This retrospective study was approved by the institutional ethics committee of our institute (SCT/IEC/899/APRIL-2016). Patients who underwent either modified Bentall's operation or SCAAR and AV resuspension operation for Stanford type A dissection from January 2005 to December 2015 with long-term follow-up were included. A total of 60 consecutive patients were analyzed. Type A dissection was confirmed by presence of intimal flap and entry tear in the AA by two-dimensional echo and computed tomography (CT) scan. Dissection was termed as acute if duration between onset of symptoms and operation was within three weeks. Aortic root and distal AA diameters were calculated pre and postoperatively from CT imaging. Postoperative CT imaging was performed annually after surgery for three years, followed by once in two or three years depending on the findings. For comparative analysis, CT imaging at a three-year follow-up was considered (patients operated till December 2015 were included). Distal AA diameter was calculated just distal to the graft and proximal to the origin of innominate artery.

Operative Techniques

All procedures were performed within 24 hours of admission. Fifty-one patients were operated within hours of admission following resuscitation, as emergency operation. Chest pain with radiation to the back was the most common presenting symptom. All operations were performed by two surgeons who have expertise in aortic surgeries. During our initial years of study, we preferred modified Bentall's operation for many patients. However, in the more recent years, we have increasingly performed valve-preserving SCAAR. Furthermore, patients with dissection up to leaflet commissures, dissection appearing in previously existing aneurysm, and unfavorable leaflet morphology (bicuspid valve, calcified valve, deformed valve, injured valve) have undergone modified Bentall's operation. Intraoperatively, the choice of either replacement or repair technique was also based on surgeon's preference and likelihood of successful repair. All patients were cooled down to 18 °C. All procedures were performed on aortic cross-clamp (ACC) and limited period of circulatory arrest of 1-2 min to inspect arch for any entry tears. Any reentry tears were managed with hemiarch procedure. Those who underwent hemiarch procedure were excluded from the study.

In modified Bentall's operation, AV and dissected AA were replaced with CVG designed by suturing a mechanical new generation, low-profile tilting disc valve (TTK Chitra Heart Valve, TTK Healthcare, Chennai, India) in 14 patients; mechanical bileaflet valve (St. Jude Medical, Masters Series, Puerto Rico, United States of America) in two patients; bioprosthetic pericardial leaflet prosthesis - Bio Bentall (PERIMOUNT Magna - Edwards Lifesciences, Irvine, United States of America) in one patient to a bovine collagen-coated polyester graft (InterGard, InterVascular, France or Gelweave, Vascutek Terumo, Scotland, United Kingdom).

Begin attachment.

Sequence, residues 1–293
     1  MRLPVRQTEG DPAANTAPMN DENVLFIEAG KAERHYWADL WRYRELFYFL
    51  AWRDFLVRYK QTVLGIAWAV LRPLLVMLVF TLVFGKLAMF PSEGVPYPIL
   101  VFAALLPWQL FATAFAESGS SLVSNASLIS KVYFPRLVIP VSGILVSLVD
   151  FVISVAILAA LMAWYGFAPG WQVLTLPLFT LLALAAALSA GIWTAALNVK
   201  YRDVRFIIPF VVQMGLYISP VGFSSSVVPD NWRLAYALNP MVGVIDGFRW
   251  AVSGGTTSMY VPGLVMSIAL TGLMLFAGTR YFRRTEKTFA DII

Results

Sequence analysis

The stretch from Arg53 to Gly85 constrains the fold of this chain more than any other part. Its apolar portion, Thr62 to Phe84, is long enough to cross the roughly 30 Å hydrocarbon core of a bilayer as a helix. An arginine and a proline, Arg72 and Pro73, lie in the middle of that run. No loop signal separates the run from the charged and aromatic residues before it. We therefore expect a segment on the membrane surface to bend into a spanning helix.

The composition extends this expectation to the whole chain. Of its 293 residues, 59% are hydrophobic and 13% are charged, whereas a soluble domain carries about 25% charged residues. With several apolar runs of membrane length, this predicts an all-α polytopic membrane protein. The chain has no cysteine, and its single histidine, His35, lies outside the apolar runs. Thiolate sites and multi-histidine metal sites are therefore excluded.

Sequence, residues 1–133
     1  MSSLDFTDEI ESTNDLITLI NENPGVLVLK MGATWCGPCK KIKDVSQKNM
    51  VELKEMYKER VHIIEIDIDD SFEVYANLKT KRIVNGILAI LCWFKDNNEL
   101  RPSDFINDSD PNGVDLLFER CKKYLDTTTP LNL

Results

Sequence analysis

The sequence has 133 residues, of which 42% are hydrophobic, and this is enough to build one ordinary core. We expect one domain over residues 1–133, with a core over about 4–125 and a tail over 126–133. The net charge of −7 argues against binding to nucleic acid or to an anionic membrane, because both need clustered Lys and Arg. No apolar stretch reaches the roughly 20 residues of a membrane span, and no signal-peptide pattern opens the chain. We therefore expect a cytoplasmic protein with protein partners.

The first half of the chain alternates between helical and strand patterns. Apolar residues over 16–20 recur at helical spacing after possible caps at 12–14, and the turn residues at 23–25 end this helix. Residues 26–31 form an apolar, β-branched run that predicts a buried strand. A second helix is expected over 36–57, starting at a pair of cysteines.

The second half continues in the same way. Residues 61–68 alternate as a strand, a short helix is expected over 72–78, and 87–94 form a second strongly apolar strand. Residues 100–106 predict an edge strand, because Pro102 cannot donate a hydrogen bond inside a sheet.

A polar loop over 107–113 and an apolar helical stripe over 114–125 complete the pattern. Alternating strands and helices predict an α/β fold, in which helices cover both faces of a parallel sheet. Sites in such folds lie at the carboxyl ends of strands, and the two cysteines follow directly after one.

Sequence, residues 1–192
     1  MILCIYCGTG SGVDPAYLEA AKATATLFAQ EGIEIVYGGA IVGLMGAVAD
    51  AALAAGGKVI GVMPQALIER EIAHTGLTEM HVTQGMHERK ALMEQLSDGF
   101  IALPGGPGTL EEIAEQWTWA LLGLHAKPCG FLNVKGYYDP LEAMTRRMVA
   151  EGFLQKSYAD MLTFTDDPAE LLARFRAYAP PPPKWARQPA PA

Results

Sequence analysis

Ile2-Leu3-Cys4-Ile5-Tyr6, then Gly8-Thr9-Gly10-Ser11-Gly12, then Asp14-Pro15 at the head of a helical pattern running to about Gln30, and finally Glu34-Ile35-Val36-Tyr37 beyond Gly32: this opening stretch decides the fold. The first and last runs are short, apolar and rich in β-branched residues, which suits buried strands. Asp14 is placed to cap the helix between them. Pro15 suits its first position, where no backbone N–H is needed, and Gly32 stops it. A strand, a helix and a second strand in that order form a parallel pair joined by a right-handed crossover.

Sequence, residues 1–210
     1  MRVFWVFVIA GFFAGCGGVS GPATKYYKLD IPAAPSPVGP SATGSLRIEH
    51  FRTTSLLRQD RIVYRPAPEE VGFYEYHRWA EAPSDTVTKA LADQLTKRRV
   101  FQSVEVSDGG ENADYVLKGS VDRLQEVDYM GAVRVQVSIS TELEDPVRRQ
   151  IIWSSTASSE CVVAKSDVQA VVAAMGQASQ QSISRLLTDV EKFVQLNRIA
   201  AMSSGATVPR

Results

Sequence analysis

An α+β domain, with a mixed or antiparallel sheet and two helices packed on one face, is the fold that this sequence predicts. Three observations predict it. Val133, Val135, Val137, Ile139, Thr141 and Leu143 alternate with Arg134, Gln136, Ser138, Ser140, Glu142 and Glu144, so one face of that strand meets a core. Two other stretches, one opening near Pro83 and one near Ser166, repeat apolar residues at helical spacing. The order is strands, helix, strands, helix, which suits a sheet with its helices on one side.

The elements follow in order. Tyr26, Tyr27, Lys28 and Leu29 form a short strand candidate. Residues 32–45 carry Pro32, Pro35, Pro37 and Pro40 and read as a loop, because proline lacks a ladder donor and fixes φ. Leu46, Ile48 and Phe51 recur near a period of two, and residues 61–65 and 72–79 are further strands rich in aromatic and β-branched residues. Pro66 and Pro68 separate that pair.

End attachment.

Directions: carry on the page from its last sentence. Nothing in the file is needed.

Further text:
The procedure of SCAAR, AAB, neomedia reconstruction with AV resuspension was performed as described below. Cardiopulmonary bypass (CPB) was instituted by femoral artery (predominantly in about 70% of patients when there is no dissection involving it) or axillary artery (either directly or through a 7-mm graft) and right atrial cannulation. After ACC was placed, AA was opened, true lumen was identified, and cardioplegic arrest was achieved by ostial cardioplegia (St. Thomas or Custodial HTK cardioplegia). Dissected AA was resected. Proximal false lumen was obliterated by neointimal reconstruction with a piece of polytetrafluoroethylene (PTFE) strip, sized and shaped to conform with the dissected area in the aortic root. Human thrombin fibrin sealant (EVICEL Fibrin Sealant, Ethicon, United States of America or TISSEEL, Baxter pharmaceuticals, United States of America) was applied to hold the layers together and reinforced by approximating the layers together using 5-0 polypropylene suture.

AV resuspension was performed using pledgetted 4-0 polypropylene with pledget placed outside aorta and sutured in a horizontal mattress fashion. AA was replaced with an appropriately sized collagen-coated polyester graft. Anastomosis was performed by incorporating the entire thickness of aortic wall, including the neomedia, using 4-0 polypropylene, which was further reinforced with PTFE strip placed outside aorta. Human thrombin sealant was applied at all anastomotic sites to prevent postoperative bleeding.

AAB was performed with a broad strip of approximately 2 cm in width positioned around distal AA, just distal to the graft at the site of ACC. This can be performed by placing a 2-cm long tube graft railroaded over the main graft as a "sleeve" prior to performing distal anastomosis. Once distal anastomosis is finished, the sleeve is moved over the anastomosis to the distal aorta. The other technique uses a 2-cm wide PTFE strip to wrap around the distal AA. In both techniques, the band is anchored to the underlying aorta to prevent distal migration and occlusion of arch vessels.

Statistical Methods